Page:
Levine on Wall Street: Cuba Funds and Dark-Pool Plans

Matt Levine is a Bloomberg View columnist. He was an editor of Dealbreaker, an investment banker at Goldman Sachs, a mergers and acquisitions lawyer at Wachtell, Lipton, Rosen & Katz and a clerk for the U.S. Court of Appeals for the Third Circuit.
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Cuba, CUBA, CUBV.

Yesterday's big news that the U.S. will move to normalize relations with Cuba was also big news for U.S. investment funds that invest in Cuba. Of which there are none. But there's the Hertzfeld Carribean Basin fund, a closed-end mutual fund profiled here in 2012, which invests sort of near Cuba, and which was set up years ago with the goal of one day actually investing in Cuba. It also has the convenient ticker CUBA, so it was up 29 percent yesterday, presumably partly on the new business opportunity and partly on the pea-brained algorithmic "good news for Cuba -> buy CUBA" calculation. Josh Brown and ETF.com are skeptical. Elsewhere in pea-brained algorithms, Cuba Beverage Co., which has nothing whatsoever to do with Cuba except the name, soared yesterday on heavy volume, but "soared" means "to 3.4 cents a share," and "heavy volume" means "around $86,000 worth of total trading," so don't make fun of the algorithms too much. The Cuban rapprochement seems connected to the financial troubles of Venezuela. Other Cuba-related investment theses include cruise lines and Cuban cigars, which you can now buy, and which really are better than other cigars.  And further afield, John Carney asks what the news means for Mark Cuban.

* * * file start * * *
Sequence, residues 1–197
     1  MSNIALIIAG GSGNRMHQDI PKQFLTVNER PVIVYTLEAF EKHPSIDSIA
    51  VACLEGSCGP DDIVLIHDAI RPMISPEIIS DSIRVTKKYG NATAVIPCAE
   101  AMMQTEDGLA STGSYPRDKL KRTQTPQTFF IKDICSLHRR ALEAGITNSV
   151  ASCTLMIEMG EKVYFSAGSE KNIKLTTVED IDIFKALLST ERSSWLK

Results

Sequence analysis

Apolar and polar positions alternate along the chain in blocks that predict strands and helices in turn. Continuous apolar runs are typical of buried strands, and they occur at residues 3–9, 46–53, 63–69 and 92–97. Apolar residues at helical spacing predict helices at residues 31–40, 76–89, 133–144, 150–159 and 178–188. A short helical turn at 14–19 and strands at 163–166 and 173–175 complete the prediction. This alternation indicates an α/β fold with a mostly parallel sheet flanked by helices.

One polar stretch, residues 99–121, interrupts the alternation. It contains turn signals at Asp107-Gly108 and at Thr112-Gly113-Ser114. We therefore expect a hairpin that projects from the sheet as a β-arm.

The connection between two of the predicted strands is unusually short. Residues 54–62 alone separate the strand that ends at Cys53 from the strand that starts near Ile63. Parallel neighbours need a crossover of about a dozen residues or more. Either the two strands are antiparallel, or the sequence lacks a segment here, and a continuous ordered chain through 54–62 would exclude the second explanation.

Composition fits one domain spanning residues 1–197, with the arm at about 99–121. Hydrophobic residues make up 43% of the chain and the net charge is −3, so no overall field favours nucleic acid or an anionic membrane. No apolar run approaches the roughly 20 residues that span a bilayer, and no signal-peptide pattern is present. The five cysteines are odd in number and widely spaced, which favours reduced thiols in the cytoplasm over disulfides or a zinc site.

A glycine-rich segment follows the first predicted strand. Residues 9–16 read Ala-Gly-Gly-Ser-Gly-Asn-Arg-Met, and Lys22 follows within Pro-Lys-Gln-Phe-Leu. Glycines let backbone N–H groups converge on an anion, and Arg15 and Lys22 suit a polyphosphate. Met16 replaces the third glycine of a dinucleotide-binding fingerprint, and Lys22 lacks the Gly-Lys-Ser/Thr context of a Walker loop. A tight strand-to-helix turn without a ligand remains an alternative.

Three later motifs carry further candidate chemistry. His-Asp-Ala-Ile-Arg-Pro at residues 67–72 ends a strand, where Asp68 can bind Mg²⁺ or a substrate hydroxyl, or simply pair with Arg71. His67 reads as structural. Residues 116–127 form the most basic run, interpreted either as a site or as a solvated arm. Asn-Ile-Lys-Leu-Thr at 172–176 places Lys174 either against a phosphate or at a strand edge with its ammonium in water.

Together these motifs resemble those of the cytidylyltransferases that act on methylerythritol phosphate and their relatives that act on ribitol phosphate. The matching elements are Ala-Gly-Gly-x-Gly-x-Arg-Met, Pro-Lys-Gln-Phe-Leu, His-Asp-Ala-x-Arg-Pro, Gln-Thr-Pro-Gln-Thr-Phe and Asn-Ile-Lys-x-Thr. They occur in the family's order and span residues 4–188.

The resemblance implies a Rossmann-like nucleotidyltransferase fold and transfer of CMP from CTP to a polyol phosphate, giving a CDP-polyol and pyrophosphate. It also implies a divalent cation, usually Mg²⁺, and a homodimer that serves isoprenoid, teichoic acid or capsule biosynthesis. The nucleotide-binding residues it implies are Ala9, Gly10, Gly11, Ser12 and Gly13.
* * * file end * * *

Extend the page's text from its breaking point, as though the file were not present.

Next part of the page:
A stock market plan.

One widely disliked feature of U.S. equity markets is the cap on stock-exchange fees at 30 cents per 100 shares. Exchanges don't actually have 30 cents of cost to trade 100 shares, so you might think that the fees would be competed down to well below the regulatory cap. But the way the cap works is, exchanges tend to charge the full 30 cents to people who take liquidity, and then rebate most of it to people who provide liquidity, and this drives a significant portion of market kookiness, as banks look to avoid paying the fees by routing orders to their own dark pools, and as high-frequency traders take advantage of banks' fee-driven routing of customer orders. So here is a proposal from the New York Stock Exchange to cut the exchange-fee cap from 30 cents per 100 to 5 cents, and to introduce a trade-at rule that would require orders for fewer than 5,000 shares to trade on exchanges unless dark pools can offer significant price improvement. The idea is to get banks to move their trading from their dark pools back onto exchanges, in part by requiring them to do so, and in part by making it cheaper. Apparently Credit Suisse, the largest dark-pool operator, has signed on, and Nasdaq "also broadly supports the proposal," but this is not something that NYSE can do unilaterally, and there are those who oppose it. KCG Holdings, for instance, whose business involves a lot of internalization of retail orders, is not happy, since the proposal would more or less ban that practice. So it's hard to tell how real the NYSE plan is at this point, though if you asked me whether exchange fee caps will be more like 30 cents or 5 cents in five years I guess I'd take 5 cents. Elsewhere, the European Securities and Markets Authority is skeptical about dark pools.